Magazine article UN Chronicle

The Triple Bottom Line Economic, Social, Natural Capital

Magazine article UN Chronicle

The Triple Bottom Line Economic, Social, Natural Capital

Article excerpt

A quiet revolution is in the making. The business sector is realizing that the goals of the United Nations are essential prerequisites in achieving its own goals of wealth creation and prosperity. The international community, meanwhile, is increasingly relying upon the private sector for its ingenuity and capacity in generating the economic opportunities that are the prerequisites for peace, environment protection and development. The role of business in creating employment is essential to reduce poverty--the main cause of environmental destruction and child labour in poor countries. However, business relies on the United Nations to foster the international peace, political and economic stability, and rules-based system of international trade and finance it needs to prosper.

Capitalizing on this growing mutual understanding, Secretary-General Kofi Annan has taken the initiative of developing a "Global Compact" to help companies understand the rising expectations of global corporate responsibility in three critical areas of greatest external pressure: human rights, labour standards and environmental practices. The Compact challenges individual corporations and representative business associations to embrace, support and enact a set of nine core values within their sphere of influence and to advocate for a stronger UN organization in the areas involved. These core values are the most relevant at the corporate level and the global rule-making level. They are widely accepted in already existing international agreements.

This call for a Global Compact is made amidst increasing awareness that the process of globalization has huge positive as well as negative social and environmental impacts. Its negative impacts, and the unequal distribution of its positive impacts, are starting to create a backlash from those who are left behind. As a result, more voices are calling for the establishment of measures that would ensure the proper functioning of the market economy, geared to meeting the needs of sustainable development and the effective implementation of the Rio principles.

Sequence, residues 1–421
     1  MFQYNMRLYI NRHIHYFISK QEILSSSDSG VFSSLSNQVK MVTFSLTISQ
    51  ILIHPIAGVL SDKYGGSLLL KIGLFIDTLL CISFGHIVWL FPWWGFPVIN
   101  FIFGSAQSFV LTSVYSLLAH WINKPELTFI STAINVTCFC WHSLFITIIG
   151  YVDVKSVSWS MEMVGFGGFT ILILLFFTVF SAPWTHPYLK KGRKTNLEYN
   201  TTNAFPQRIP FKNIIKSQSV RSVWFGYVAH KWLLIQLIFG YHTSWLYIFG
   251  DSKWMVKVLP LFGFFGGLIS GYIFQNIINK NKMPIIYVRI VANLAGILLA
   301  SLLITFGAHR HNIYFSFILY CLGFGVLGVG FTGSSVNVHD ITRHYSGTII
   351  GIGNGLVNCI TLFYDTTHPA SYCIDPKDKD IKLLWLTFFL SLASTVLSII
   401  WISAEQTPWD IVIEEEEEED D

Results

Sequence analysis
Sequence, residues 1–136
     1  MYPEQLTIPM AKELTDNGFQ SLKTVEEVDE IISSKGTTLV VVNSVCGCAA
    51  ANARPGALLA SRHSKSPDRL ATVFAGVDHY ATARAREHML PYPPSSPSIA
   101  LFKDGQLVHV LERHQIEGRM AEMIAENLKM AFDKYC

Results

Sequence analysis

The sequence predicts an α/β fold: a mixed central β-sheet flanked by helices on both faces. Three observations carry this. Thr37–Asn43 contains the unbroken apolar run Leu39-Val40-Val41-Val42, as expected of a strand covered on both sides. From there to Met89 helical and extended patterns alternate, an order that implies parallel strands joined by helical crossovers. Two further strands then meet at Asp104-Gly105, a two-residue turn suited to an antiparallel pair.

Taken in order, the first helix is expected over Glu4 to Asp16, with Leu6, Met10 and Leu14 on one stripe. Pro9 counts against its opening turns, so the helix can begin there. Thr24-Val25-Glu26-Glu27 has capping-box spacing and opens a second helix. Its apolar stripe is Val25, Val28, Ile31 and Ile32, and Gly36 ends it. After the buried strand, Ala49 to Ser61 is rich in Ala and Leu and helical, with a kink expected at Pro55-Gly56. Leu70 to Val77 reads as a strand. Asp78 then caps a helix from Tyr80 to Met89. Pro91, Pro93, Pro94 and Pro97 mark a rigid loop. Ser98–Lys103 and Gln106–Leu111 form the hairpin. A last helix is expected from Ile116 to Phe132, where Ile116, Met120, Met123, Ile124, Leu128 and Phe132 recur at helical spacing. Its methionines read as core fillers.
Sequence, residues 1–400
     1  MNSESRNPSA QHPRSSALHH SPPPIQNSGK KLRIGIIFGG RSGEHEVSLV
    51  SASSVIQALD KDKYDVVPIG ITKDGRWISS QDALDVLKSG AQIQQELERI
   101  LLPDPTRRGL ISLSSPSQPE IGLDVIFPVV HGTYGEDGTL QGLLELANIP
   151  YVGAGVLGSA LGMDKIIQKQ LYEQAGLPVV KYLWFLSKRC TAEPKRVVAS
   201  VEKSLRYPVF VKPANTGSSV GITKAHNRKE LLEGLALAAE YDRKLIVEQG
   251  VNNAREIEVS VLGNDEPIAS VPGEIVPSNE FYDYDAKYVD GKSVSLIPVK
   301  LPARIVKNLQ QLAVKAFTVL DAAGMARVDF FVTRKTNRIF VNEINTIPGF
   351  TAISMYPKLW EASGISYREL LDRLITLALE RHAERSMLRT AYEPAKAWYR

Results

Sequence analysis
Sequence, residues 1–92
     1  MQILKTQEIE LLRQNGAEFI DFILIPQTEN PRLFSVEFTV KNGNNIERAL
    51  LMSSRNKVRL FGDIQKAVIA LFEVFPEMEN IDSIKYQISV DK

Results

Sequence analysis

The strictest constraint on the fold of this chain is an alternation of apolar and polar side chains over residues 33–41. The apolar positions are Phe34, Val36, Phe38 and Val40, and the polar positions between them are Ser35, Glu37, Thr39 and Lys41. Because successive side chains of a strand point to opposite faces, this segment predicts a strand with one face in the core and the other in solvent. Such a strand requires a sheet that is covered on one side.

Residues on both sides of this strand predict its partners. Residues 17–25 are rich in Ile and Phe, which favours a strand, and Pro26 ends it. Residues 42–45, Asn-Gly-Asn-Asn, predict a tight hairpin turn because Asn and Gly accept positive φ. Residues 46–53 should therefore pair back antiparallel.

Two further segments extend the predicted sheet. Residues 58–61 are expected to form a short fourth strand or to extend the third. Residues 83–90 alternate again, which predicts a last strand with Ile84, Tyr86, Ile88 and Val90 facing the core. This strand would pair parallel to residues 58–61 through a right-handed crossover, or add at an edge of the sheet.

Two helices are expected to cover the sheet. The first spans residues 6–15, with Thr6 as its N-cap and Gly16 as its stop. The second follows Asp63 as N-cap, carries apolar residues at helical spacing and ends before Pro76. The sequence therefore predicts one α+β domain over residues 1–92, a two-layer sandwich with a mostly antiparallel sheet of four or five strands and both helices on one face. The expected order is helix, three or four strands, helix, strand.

The questions over the role of companies in society, which are resurfacing with increasing urgency, revolve around a number of interlinked issues, including:

* Corporate purpose and objectives: Is shareholder value the goal of a company or simply the means to achieve a higher purpose?

* Corporate governance and accountability: What are the responsibilities and obligations of companies to societies?

* Incentives: How can corporate objectives and environmental objectives be more closely aligned?

* National and global governance: How can national governments and global institutions help to unleash the power of companies for environmental and societal ends?

The Secretary-General's call for a global compact and the moving by business and governmental organizations of corporate responsibility issues to the forefront of the agenda are part of this process. The UN Environment Programme has a tradition of working closely with NGOs and partners from the private sector. It is doing this with the objective of Agenda 21 and to ensure that they are fully involved in the preparation and implementation of international environmental agreements. UNEP also works with business to develop a lifecycle approach to their activities, addressing in a comprehensive manner all issues related to resource extraction and use, production processes, product use and disposal.

The three Global Compact principles related to the environment require business to support a precautionary approach to environmental challenges, undertake initiatives to promote greater environmental responsibility, and encourage the development and diffusion of environmentally-friendly technologies. …

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